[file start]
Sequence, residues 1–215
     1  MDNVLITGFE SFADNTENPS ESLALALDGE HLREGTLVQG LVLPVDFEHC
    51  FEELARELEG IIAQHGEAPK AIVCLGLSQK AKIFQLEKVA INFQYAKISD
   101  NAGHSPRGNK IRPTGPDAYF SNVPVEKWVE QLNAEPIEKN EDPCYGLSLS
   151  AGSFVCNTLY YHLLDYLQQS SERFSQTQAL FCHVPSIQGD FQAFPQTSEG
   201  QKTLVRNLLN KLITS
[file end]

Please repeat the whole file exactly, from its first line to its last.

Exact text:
Sequence, residues 1–215
     1  MDNVLITGFE SFADNTENPS ESLALALDGE HLREGTLVQG LVLPVDFEHC
    51  FEELARELEG IIAQHGEAPK AIVCLGLSQK AKIFQLEKVA INFQYAKISD
   101  NAGHSPRGNK IRPTGPDAYF SNVPVEKWVE QLNAEPIEKN EDPCYGLSLS
   151  AGSFVCNTLY YHLLDYLQQS SERFSQTQAL FCHVPSIQGD FQAFPQTSEG
   201  QKTLVRNLLN KLITS